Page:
Urban Meyer Was Right, Big Ten Recruiting is Terrible

Urban Meyer Was Right, Big Ten Recruiting is Terrible


Urban Meyer Was Right, Big Ten Recruiting is Terrible

Urban Meyer landed an awesome recruiting class for Ohio State. He then made headlines, by pledging to address the Big Ten’s poor recruiting performance with his colleagues. He’s arrogant. He’s also dead right. We don’t see Meyer pointing fingers, mentioning names or presenting a Powerpoint on social media at conference meetings, but someone should.

The Big Ten has fallen behind the SEC. That’s clear. We could point to the national rankings or the demographic shift to the south, but the problem extends deeper. The Big Ten isn’t competing for kids in national recruiting hotbeds, but a bigger problem is they are getting beaten for talented recruits in their own states.

We looked at three Big Ten states within the Big Ten footprint: Illinois, Indiana and Pennsylvania over the past three years. Some of the numbers are startling.

The Big Ten did not land one of the Rivals’ Top 3 recruits in Illinois, Indiana, or Pennsylvania in the 2013 class. Six of the nine signed with SEC schools.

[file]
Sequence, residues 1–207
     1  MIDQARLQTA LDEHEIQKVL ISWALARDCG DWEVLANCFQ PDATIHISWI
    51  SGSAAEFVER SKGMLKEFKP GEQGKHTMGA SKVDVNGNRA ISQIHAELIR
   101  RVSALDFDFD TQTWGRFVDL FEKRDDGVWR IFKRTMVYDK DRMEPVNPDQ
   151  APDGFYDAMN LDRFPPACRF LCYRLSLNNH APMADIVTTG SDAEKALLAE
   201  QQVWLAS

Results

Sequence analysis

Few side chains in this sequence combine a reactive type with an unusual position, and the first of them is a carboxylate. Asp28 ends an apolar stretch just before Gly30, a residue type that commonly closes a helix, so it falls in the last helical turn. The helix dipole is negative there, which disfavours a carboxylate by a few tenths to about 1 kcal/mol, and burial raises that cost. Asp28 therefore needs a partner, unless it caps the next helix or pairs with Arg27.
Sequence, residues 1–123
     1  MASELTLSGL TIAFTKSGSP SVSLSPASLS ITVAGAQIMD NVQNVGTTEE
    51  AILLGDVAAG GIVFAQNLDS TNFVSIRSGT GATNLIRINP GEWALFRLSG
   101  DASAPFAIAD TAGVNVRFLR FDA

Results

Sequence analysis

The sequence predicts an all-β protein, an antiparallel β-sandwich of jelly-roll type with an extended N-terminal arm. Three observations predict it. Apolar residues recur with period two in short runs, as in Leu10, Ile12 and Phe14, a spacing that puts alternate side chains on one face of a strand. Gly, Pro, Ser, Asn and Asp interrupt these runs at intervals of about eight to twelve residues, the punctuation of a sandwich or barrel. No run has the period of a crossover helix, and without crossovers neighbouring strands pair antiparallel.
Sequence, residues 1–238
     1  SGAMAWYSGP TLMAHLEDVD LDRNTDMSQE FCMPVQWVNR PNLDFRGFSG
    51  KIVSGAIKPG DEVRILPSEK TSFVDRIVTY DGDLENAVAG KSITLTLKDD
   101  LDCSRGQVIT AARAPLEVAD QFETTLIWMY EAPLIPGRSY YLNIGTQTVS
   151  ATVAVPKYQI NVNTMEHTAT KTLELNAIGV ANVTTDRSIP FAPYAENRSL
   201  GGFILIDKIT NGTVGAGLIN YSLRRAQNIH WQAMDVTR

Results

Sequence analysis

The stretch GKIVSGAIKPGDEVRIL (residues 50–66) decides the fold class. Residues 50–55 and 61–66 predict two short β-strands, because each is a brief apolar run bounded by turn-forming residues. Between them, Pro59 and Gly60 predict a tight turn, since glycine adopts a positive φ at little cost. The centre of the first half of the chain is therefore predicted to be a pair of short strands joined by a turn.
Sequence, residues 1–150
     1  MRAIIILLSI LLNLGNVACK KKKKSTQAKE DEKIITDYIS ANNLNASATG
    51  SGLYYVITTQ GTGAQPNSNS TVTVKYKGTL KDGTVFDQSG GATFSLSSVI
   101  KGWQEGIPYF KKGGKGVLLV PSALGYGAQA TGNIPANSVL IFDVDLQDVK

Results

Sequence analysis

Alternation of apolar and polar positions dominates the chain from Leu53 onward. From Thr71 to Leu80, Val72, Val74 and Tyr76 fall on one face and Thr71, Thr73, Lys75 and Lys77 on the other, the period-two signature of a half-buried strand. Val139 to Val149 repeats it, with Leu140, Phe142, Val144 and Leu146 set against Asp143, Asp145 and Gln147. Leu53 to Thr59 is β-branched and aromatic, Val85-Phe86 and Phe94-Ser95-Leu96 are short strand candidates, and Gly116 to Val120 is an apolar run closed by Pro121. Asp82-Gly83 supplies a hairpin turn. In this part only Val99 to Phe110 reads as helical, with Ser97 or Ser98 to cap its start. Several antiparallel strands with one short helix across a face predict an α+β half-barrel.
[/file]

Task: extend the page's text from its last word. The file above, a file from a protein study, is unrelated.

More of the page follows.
Discounting Ohio State and Michigan, the number of Big Ten four-star or better recruits from those three states (8) barely eclipses the number signed by the SEC (7).

The past three signing classes produced 67 rivals four or five-star recruits from Illinois, Indiana and Pennsylvania. Just 31 (46 percent) signed with the Big Ten.

Notre Dame is in Indiana, though it is still technically a Big Ten state. The Big Ten has gone 1/15 on top three kids out of Indiana since 2009. That one signing was by Ohio State. The last time Purdue or Indiana signed a top three kid in state was in 2005.

Even when second-tier Big Ten teams do well in state, they don’t do that well. Penn State signed 7 out of the 11 four-star Pennsylvania kids in 2010. That’s a nice haul, but they were beaten for three of the top four. The one five-star prospect, Shariff Floyd, signed with Florida.

The Big Ten must expand its recruiting base to compete. Part of that is competing for top kids in Big Ten states.

[Photo via Getty]

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